Study: Receiving care at home, 2012
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In 2012, about 2.2 million Canadians with a long-term illness, disability or aging needs had received care in their own home in the last 12 months. This represented 8% of all Canadians aged 15 years or older.
A new study using data from the 2012 General Social Survey found that the proportion of Canadians receiving care was similar across the country. The only exceptions were Newfoundland and Labrador, where the proportion was higher at 9%, and Alberta, where it was lower at 5%.
Overall, seniors aged 75 and older were the most common care receivers, accounting for one in four Canadians receiving help at home. Younger seniors, aged 65 to 74, represented 13% of care receivers, a proportion similar to that of Canadians aged 55 to 64.
Young adults under the age of 25 accounted for about 10% of all care recipients. Unlike seniors, who were most often coping with aging needs, young care recipients were most often dealing with mental illness, such as depression, bipolar disorder, or schizophrenia.
A slight majority (56%) of care receivers were women, partly reflecting their longer life expectancies and corresponding greater representation as seniors. Their reasons for care paralleled those of men, though they were more often receiving care for aging needs and arthritis.
Overall, the vast majority (88%) of care receivers relied on help from family and friends. About half combined this help with professional services. Relying on professional services alone was reported by 12%.
In general, care from family members or friends differed from professional care, in terms of intensity and type of assistance. Care receivers typically had about seven hours of weekly assistance from family and friends and about two hours of weekly help from professional services.
The most common form of help received from family and friends was transportation, identified by 83% of care recipients. Next was help with cooking and cleaning, at 67%, followed by home maintenance or outdoor work, at 53%.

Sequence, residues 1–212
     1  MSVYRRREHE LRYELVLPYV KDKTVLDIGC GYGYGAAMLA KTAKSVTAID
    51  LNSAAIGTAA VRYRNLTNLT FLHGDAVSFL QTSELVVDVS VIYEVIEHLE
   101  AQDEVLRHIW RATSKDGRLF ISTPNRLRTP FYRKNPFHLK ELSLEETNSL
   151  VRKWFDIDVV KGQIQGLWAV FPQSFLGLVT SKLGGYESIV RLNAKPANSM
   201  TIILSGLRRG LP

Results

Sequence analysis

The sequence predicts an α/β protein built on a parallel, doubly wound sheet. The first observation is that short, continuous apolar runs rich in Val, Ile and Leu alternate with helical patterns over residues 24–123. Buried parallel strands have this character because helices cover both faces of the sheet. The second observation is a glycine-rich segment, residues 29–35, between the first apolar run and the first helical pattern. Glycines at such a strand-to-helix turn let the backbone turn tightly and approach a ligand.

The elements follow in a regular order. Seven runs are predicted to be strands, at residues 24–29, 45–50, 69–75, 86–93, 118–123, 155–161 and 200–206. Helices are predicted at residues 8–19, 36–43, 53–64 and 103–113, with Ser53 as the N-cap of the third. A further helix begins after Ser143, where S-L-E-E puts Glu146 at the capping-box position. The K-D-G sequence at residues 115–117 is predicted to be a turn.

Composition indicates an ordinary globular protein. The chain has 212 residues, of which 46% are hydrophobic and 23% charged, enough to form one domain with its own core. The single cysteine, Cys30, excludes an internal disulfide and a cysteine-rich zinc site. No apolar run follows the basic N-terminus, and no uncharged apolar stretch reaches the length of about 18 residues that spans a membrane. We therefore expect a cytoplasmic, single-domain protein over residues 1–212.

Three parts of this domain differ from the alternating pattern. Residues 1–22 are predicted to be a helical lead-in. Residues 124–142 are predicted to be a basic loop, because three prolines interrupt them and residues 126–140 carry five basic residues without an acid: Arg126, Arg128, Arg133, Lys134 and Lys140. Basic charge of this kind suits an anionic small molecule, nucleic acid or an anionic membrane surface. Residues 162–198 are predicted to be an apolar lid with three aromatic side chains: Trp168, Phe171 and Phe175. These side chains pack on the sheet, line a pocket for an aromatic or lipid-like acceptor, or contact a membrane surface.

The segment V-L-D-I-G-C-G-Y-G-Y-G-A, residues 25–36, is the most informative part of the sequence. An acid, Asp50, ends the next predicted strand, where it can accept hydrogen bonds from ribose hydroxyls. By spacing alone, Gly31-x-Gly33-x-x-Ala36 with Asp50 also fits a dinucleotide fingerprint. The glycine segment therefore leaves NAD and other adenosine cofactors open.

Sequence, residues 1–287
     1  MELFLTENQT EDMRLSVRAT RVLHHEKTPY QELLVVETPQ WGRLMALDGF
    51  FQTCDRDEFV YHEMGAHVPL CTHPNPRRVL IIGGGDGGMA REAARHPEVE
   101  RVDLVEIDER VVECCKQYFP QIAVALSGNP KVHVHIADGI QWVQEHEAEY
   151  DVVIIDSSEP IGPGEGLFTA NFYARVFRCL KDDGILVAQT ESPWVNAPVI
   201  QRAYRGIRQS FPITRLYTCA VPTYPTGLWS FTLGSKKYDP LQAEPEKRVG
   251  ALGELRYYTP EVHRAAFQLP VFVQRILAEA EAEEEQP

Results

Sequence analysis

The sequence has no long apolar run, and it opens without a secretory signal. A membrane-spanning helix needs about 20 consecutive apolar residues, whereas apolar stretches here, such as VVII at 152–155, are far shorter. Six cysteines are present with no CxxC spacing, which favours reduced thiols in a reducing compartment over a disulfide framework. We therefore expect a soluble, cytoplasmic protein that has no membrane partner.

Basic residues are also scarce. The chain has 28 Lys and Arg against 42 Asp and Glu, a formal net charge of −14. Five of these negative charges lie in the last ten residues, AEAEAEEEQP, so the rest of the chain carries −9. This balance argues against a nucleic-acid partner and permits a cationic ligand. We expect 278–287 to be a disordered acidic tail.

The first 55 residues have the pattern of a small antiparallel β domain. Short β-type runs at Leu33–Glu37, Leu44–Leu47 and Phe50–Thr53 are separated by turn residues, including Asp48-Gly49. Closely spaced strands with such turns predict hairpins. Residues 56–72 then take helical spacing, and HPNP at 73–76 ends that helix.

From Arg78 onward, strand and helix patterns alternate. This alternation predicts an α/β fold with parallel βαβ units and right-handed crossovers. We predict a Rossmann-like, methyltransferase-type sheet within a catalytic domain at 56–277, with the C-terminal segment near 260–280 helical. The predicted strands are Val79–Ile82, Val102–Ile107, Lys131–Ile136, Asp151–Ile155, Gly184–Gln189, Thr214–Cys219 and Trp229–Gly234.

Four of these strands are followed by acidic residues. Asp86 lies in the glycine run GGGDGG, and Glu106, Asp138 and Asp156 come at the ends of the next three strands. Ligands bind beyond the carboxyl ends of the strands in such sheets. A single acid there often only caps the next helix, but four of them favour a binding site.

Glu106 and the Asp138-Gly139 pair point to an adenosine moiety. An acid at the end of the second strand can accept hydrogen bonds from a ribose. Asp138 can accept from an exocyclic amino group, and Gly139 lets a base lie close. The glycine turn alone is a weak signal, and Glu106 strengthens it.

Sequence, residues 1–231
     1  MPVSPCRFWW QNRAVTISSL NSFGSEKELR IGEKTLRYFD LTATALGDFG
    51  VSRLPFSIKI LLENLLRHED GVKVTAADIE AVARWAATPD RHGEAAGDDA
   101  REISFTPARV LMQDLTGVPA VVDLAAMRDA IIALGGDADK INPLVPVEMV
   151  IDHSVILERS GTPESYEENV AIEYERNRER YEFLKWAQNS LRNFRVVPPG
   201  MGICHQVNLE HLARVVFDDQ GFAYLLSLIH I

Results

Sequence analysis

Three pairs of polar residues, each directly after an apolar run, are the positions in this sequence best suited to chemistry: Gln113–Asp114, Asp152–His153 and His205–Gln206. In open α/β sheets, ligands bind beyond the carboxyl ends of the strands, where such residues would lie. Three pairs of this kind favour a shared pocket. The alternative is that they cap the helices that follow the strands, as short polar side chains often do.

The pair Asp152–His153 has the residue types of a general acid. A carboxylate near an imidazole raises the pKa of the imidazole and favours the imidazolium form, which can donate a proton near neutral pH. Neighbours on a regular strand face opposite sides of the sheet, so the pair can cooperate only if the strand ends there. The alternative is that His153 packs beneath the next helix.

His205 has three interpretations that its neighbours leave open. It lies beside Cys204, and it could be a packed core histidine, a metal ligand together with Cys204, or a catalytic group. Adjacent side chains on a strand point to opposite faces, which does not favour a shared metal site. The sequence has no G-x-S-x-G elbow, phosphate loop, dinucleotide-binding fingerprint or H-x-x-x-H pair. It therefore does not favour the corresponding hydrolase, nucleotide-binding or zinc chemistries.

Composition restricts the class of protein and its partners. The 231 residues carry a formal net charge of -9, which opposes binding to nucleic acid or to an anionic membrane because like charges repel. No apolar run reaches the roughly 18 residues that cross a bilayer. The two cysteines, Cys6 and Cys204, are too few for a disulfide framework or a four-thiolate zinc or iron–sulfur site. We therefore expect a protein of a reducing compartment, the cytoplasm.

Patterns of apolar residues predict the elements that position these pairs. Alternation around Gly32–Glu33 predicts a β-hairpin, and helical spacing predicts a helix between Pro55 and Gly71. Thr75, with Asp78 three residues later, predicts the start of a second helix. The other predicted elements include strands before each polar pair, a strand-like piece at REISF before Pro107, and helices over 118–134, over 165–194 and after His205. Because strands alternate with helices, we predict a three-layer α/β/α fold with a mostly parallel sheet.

The types of help received from professional services were more often medical. Half of care recipients with professional help had assistance with, for example, changing bandages, measuring blood pressure and performing heart monitor tests or other medical tests or treatments.
Note to readers
This release is based on the analytical paper "Receiving care at home," available today in the publication Spotlight on Canadians: Results from the General Social Survey.
The report uses data from the 2012 General Social Survey on Caregiving and Care Receiving to examine Canadians who rely on care in the home, including the reason for care, the types of people providing help and the nature and intensity of care. It also looks at the satisfaction with the care received.
The article "Receiving care at home," part of the publication Spotlight on Canadians: Results from the General Social Survey, no. 2 (Catalogue number89-652-X), is now available from the Browse by key resource module of our website under Publications.
For more information, or to enquire about the concepts, methods or data quality of this release, contact us (toll-free 1-800-263-1136; 514-283-8300; email@example.com) or Media Relations (613-951-4636; firstname.lastname@example.org).
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